European Commission

Quite rightly, there are veritable storms in capital markets conferences and the press about what needs to be done to prepare for MiFID II, due to take effect in 4+ months. There seems to be little chance for a further stay of execution, but then, with remarkable irony, MiFID I hit securities trading in November 2007 as the Global Financial Crisis was deepening, leading to the most massive destruction of capital in decades, and so undermining large swathes of the world economy. Regulators cannot time such matters, and the preparation of reforms based on broad public consultations and multiple drafts takes years. Still, we are where we are: perhaps some sort of progressive implementation would be sensible. If the authorities are certain of the value of their objectives, then surely it would be worth demonstrating some flexibility.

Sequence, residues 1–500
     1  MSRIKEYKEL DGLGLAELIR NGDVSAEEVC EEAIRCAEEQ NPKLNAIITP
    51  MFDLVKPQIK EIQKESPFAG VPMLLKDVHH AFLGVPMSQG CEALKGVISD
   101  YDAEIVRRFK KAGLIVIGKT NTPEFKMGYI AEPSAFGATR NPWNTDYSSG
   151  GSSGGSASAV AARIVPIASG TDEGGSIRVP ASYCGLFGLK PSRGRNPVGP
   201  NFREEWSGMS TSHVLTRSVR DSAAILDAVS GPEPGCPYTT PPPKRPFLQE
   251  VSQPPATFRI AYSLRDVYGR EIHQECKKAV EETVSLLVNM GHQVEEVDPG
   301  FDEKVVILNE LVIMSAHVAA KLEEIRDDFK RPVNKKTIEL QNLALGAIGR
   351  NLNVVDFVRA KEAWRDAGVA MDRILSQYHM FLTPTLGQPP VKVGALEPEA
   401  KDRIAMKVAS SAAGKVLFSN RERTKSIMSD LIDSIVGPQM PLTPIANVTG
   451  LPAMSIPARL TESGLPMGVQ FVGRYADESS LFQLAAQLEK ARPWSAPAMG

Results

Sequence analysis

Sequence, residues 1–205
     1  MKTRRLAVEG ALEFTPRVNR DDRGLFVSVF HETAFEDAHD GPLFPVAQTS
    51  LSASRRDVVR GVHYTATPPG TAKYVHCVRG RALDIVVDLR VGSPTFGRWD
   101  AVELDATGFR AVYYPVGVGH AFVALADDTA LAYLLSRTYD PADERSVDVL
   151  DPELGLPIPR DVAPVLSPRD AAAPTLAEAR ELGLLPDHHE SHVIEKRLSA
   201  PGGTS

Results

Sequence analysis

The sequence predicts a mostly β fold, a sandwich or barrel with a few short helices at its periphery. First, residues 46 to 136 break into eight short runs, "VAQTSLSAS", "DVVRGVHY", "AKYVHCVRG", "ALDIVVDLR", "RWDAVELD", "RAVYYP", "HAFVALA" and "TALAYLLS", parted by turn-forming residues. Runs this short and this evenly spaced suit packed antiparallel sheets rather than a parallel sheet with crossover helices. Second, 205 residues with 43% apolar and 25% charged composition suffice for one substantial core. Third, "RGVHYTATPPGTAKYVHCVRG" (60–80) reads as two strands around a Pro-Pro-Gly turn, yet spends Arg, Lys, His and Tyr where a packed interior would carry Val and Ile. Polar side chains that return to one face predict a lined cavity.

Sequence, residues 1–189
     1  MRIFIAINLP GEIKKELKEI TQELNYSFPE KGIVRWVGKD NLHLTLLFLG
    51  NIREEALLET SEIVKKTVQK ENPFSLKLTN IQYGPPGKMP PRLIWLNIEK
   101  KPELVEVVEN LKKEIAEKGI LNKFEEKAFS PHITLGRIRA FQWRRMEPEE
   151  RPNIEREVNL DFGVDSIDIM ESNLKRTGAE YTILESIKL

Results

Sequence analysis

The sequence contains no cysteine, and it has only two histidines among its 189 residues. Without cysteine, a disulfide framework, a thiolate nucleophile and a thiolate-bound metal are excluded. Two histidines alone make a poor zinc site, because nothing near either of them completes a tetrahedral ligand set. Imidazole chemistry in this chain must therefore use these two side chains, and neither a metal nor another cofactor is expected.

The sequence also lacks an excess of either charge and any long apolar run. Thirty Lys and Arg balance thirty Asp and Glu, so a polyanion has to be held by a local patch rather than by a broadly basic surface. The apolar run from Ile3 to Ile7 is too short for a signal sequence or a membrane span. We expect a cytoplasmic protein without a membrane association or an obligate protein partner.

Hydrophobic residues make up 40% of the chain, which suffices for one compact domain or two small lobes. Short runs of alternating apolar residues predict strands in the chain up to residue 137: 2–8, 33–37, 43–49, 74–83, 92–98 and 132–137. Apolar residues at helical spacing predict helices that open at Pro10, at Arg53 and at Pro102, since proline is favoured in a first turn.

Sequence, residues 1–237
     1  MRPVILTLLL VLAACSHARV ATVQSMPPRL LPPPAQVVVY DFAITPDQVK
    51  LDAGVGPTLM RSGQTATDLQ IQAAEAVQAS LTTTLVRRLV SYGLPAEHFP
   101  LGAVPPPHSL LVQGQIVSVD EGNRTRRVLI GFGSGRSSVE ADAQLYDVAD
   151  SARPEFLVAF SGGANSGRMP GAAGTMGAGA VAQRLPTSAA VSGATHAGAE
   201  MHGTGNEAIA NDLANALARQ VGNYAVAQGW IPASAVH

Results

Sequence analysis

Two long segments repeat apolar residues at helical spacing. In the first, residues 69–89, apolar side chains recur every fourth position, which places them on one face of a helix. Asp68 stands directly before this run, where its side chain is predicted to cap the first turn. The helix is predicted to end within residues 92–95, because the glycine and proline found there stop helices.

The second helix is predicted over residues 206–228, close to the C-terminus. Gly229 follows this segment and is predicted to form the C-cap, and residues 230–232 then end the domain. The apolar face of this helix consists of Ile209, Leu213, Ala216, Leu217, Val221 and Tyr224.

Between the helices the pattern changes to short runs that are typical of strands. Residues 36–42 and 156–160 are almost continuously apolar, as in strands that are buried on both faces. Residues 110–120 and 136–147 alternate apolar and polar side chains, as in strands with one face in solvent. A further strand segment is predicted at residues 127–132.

New European capital rules are set to be postponed amid ongoing talks between the EU and SEC.

On 17 May, OCC, the US clearinghouse that is the largest equity derivatives clearinghouse in the world, was placed on CreditWatch with negative implications by the ratings agency, S&P.

The idea of trade reporting was central to the 2009 G20 financial reform response to the global crises that swept through international markets. The idea was a simple one; get all trading counterparties to report their transactions and then global regulators would have previously impossible transparency into global financial activities. As with many things, however, theory and practice and have been far removed from one another.

Thomas Murray Data Services recently met with the European Commission market infrastructure division in Brussels. Here is a summary of the main talking points arising from our meeting:

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